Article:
The Myth of Repressed Memory
False Memories and Allegations of Sexual Abuse
“Gripping reading.” —Scientific American
“A disturbing new book.” —Newsweek
“Sure to arouse controversy: Proponents of the validity of repressed memories will see this as anathema; others will applaud the reasonable and restrained approach to a touchy subject."
“This eye-opening book makes a compelling argument for caution."
"An unassailable demolition of repressed memory therapy, the greatest scandal in modern psychiatry."
—Book World (December 4, 1994, "Most Notable Books" section)
"The descriptions the authors give of the 'therapeutic' practices by which memories are recovered are a frightening indictment of the burgeoning therapy industry, of its heads-I-win and tails-you-lose approach to moral rectitude, and of its capacities for self-delusion."
—The New York Times Book Review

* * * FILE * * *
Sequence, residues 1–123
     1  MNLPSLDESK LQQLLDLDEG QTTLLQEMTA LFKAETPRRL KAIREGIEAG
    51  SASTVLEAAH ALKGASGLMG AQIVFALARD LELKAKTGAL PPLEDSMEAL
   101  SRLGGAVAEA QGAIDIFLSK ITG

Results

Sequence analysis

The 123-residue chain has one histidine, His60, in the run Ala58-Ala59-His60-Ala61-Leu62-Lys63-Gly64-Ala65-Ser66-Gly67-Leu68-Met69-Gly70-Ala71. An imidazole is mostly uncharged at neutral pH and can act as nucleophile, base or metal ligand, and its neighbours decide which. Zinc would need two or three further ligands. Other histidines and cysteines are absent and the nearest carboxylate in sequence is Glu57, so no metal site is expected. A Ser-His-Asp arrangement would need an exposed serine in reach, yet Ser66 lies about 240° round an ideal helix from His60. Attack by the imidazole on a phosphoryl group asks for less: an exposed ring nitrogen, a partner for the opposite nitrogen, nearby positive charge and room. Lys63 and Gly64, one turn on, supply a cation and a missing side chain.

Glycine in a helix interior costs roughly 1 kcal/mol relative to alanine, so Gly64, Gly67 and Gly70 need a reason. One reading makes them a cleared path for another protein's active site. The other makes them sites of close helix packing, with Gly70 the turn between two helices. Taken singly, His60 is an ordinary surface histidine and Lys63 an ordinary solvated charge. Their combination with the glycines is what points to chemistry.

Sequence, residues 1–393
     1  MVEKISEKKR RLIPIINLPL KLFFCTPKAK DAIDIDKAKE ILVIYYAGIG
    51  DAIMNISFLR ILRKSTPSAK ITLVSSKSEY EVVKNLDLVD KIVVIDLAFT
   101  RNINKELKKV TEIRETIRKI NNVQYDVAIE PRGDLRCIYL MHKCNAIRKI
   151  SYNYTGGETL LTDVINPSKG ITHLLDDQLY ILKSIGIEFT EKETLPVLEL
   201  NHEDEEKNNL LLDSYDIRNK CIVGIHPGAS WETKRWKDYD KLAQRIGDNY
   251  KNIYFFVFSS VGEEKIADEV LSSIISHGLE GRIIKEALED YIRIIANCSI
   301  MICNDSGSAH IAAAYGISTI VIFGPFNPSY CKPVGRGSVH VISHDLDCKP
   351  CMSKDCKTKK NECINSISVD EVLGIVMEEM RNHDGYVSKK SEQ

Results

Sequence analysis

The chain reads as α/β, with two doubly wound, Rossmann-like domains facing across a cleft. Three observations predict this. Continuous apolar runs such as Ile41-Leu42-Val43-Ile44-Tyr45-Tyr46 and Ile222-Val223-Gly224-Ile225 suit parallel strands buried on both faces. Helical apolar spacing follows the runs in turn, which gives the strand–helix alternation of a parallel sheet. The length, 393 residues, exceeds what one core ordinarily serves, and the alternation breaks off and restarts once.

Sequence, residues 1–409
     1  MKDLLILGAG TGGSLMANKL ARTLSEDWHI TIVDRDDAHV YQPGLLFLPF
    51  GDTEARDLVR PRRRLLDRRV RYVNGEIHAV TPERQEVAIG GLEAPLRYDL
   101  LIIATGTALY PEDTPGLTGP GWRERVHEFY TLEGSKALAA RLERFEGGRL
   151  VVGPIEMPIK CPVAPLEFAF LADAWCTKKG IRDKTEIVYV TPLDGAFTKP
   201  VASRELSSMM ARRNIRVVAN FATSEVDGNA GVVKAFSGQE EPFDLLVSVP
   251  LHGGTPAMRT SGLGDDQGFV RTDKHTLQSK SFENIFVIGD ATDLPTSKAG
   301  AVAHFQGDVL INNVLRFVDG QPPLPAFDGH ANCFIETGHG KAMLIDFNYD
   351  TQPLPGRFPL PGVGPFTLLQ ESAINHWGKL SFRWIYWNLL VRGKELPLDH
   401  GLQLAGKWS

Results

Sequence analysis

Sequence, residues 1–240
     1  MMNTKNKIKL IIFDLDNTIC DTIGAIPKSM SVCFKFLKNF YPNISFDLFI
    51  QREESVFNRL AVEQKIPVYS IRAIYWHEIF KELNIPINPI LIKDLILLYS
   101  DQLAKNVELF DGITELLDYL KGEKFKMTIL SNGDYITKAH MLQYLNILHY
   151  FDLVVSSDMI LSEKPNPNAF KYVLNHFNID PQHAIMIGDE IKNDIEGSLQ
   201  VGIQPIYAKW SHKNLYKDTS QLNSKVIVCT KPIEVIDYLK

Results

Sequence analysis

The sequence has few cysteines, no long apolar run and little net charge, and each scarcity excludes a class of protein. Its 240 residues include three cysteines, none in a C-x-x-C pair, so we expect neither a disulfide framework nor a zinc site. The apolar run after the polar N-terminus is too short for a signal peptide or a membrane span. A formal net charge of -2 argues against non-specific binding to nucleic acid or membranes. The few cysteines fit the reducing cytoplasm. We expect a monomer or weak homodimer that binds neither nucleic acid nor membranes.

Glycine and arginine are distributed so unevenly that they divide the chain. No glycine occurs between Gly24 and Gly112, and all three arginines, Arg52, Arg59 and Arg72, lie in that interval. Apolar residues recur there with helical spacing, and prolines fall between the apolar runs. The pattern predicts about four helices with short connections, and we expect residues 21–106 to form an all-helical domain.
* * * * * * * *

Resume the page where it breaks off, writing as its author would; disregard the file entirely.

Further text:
"[A] thoughtful, scholarly book...concerned with exposing the damage caused by, and the falsity of, the practice of recovered-memory therapy."
—The Washington Post Book World
"As a cognitive psychologist, Loftus has acquired extensive insight into the malleability of memory. For example, her research has shown that false traumatic childhood 'memories' can be readily induced in adults, who then enrich the implanted memory with detail and emotion. The results of such studies and a total lack of evidence of memory repression lead Loftus and other eminent psychologists to attribute the wide prevalence of recovered memories of childhood sexual abuse and satanic ritual abuse to therapist bias. Coauthor Ketcham and Loftus describe the anguish of the accused and of the families shattered by disastrous combinations of ill-trained, overzealous therapists, suggestibility of vulnerable patients, and group-therapy pressure to exhume and share monstrous memories. They neither dispute the reality of childhood sexual abuse nor are they 'in denial.' Highly recommended."